• STEM professionals (science, technology, engineering, math) need it because the ability to manipulate and process massive amounts of data quickly with zero error is critical. Human error is becoming less and less acceptable.

  • Financial analysts per the above example. I have many, many friends who are in some kind of financial or real estate profession that say their department is dominated by the guy who can use VB. That doesn't make him a coder, that makes him a financial analyst who knows how to code.

  • The actuary who is buidling models. I have a good friend who is an actuary, and he had to learn a significant amount of C# to build his models. 

  • The marketing professional who has to follow website metrics via Google Analytics. Google does their best to keep it manageable, but you are going to be staring at a lot of code. A friend had to put dashboards together and after spending 40-60 hours a month copying and pasting, she asked me to show her how to interact with the API. It takes a few hours a month now.

  • The marketing professional who has to make content changes to a website. If you use WordPress, Drupal, Nuke, etc. you have a WYSIWYG, but the design needs are complicated and great enough that errors are absolutely inevitable from an editor. That means disabling it and doing it yourself, or waiting on the developer. If you don’t have a CMS, you are doing it the old fashion way… copy and paste the HTML. You can just “hope it don’t break” or become the employee who knows how to edit the page content without any help.

    The startup with social media needs. You can post to Facebook and Twitter easily enough, but everyone does that. If you want to go to the next level and be different than the next startup, you need to be able to aggregate and integrate. There is no way to do this without going to a developer or learning some API work yourself.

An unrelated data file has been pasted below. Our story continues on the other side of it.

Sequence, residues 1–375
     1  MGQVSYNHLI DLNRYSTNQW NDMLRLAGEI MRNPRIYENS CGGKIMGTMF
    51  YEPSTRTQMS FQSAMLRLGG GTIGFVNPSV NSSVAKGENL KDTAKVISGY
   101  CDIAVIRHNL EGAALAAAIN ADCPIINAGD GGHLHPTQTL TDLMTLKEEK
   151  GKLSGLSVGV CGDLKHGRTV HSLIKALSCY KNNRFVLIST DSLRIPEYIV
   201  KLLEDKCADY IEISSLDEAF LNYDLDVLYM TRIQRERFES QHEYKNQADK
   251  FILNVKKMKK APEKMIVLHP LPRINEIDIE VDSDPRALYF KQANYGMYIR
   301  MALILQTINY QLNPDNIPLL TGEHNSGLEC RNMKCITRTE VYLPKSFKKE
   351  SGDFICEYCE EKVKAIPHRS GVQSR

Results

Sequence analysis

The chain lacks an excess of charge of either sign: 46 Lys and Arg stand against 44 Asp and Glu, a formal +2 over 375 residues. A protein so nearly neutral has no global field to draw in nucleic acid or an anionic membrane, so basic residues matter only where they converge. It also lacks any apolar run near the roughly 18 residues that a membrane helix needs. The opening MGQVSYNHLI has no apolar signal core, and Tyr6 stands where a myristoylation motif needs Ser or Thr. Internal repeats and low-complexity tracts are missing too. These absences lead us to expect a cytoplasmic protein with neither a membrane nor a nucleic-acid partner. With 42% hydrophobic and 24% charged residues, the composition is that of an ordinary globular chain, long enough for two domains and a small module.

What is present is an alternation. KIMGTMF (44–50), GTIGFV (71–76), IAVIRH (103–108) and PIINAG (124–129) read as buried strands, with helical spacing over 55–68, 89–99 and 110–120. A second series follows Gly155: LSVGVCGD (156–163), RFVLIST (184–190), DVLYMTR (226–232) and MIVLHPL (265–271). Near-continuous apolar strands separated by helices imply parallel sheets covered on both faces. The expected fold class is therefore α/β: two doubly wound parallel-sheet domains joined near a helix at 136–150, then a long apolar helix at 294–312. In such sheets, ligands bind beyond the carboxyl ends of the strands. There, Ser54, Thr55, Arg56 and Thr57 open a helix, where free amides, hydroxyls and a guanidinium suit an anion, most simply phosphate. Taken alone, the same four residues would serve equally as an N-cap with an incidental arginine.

• The lawyer who has thousands of pages of material to look through and search for word matches prior to a case. You can go blind reading text for days, or you can learn to write a regular expression and smoke through gigs of data in seconds. 

  • The HR professional who is frustrated that her employee management website doesn't do quite what she wants it to. If you can understand the basics of code, you just might be able to find your way to a few shortcodes that can get you what you want.

  • The help desk professional who needs a way to monitor outgoing and ingoing equipment with a better means than Excel. I can think of scores of way to automate this process that range from HTML to a fullblows software suite.

  • The publishing editor who wants to use source control to manage her manuscript changes with practical granularity (that Word's tracking system cannot scratch).

  • The video game maniac who needs to better organize his time by patching into feeds and APIs.

  • The secratary who gets a PDF from her boss that needs to be put into Word format. Trust me... it's not a copy and paste situation most of the time.

  • The man who just bought a new m5 BMW and has to figure out how to program the dozens of computers in the vehicle. (Not a skill? It sure was back in the 80s, when 12:00 flashed on everyone's VCR and about 1% of the population knew how to fix it). More importantly, any and all aftermarket upgrades will require advanced programming skill.